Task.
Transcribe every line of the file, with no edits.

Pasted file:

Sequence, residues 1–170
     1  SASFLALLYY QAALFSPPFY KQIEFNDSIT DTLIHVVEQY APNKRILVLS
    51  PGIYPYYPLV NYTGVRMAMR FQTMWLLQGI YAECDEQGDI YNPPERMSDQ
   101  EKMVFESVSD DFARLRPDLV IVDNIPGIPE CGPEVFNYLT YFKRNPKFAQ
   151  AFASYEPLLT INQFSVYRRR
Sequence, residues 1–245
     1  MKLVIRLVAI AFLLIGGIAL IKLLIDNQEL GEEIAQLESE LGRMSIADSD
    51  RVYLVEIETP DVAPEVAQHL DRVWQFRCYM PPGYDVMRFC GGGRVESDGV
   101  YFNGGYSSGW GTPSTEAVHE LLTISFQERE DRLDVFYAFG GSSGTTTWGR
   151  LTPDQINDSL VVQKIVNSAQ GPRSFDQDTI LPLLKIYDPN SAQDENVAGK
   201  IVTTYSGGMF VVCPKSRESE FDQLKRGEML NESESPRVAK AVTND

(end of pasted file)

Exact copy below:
Sequence, residues 1–170
     1  SASFLALLYY QAALFSPPFY KQIEFNDSIT DTLIHVVEQY APNKRILVLS
    51  PGIYPYYPLV NYTGVRMAMR FQTMWLLQGI YAECDEQGDI YNPPERMSDQ
   101  EKMVFESVSD DFARLRPDLV IVDNIPGIPE CGPEVFNYLT YFKRNPKFAQ
   151  AFASYEPLLT INQFSVYRRR
Sequence, residues 1–245
     1  MKLVIRLVAI AFLLIGGIAL IKLLIDNQEL GEEIAQLESE LGRMSIADSD
    51  RVYLVEIETP DVAPEVAQHL DRVWQFRCYM PPGYDVMRFC GGGRVESDGV
   101  YFNGGYSSGW GTPSTEAVHE LLTISFQERE DRLDVFYAFG GSSGTTTWGR
   151  LTPDQINDSL VVQKIVNSAQ GPRSFDQDTI LPLLKIYDPN SAQDENVAGK
   201  IVTTYSGGMF VVCPKSRESE FDQLKRGEML NESESPRVAK AVTND